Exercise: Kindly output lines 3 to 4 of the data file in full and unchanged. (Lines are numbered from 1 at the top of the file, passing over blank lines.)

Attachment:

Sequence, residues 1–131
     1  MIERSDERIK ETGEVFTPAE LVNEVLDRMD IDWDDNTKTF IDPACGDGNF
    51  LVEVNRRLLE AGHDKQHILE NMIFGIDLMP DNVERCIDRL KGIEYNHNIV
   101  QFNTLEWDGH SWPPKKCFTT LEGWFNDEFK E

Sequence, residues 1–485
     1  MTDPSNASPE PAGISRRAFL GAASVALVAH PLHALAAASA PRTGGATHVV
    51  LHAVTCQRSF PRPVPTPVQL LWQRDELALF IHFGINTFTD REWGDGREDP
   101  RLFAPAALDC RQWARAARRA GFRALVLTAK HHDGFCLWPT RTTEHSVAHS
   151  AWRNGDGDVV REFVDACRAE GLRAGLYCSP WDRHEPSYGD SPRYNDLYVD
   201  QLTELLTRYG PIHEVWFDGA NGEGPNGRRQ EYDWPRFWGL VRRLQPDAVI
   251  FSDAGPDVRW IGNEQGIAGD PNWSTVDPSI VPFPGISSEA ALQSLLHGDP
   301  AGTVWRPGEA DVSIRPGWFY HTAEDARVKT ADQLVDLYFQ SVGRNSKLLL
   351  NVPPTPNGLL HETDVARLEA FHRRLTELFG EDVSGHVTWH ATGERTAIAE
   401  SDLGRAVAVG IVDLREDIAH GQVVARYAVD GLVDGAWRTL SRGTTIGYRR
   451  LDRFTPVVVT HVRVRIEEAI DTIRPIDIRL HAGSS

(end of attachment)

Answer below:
    51  LVEVNRRLLE AGHDKQHILE NMIFGIDLMP DNVERCIDRL KGIEYNHNIV
   101  QFNTLEWDGH SWPPKKCFTT LEGWFNDEFK E